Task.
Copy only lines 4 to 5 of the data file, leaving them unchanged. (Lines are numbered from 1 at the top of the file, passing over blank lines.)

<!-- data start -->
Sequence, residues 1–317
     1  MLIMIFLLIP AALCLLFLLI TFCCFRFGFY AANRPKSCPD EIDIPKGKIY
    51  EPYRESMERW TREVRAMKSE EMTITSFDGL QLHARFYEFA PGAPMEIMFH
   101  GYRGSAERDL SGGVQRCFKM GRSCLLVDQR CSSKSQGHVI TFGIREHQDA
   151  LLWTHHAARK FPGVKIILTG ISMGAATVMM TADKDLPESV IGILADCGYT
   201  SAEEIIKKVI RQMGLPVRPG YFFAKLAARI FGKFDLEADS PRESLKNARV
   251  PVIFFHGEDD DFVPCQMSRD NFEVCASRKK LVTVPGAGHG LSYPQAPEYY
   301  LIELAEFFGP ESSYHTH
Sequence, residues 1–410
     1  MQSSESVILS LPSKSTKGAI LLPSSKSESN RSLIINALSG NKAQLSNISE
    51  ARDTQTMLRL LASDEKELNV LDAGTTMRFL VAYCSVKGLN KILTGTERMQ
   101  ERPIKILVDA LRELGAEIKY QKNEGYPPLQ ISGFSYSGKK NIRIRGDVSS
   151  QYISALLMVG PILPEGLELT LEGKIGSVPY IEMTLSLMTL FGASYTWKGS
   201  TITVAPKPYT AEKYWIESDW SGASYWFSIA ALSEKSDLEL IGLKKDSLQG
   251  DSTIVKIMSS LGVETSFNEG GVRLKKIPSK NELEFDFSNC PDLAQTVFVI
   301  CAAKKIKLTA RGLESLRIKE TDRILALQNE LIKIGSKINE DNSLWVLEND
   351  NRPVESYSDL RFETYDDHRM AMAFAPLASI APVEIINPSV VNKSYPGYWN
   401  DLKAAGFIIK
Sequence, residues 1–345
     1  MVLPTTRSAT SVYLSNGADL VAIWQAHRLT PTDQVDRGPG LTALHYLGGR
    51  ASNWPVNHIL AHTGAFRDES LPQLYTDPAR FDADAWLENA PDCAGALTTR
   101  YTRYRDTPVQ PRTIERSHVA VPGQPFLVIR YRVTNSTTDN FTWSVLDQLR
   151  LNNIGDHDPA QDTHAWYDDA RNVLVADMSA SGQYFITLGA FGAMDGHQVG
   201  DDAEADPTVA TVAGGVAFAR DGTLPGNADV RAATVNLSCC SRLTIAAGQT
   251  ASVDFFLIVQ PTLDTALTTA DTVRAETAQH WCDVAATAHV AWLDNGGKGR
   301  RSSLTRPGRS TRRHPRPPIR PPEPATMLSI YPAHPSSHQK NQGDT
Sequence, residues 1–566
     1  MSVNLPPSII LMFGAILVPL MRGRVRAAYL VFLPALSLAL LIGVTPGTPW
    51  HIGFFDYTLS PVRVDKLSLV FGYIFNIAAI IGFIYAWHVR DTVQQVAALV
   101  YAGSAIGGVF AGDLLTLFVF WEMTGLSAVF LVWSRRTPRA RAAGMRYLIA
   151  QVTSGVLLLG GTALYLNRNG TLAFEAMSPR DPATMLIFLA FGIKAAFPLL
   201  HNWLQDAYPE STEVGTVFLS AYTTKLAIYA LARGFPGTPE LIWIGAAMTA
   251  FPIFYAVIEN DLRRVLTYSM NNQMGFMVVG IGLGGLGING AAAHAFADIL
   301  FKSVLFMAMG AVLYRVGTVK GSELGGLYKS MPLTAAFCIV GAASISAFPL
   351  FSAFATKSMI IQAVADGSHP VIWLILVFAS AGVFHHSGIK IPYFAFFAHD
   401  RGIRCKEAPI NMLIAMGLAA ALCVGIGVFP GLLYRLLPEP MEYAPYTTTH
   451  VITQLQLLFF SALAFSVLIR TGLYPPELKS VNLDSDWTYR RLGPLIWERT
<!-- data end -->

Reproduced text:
   101  GYRGSAERDL SGGVQRCFKM GRSCLLVDQR CSSKSQGHVI TFGIREHQDA
   151  LLWTHHAARK FPGVKIILTG ISMGAATVMM TADKDLPESV IGILADCGYT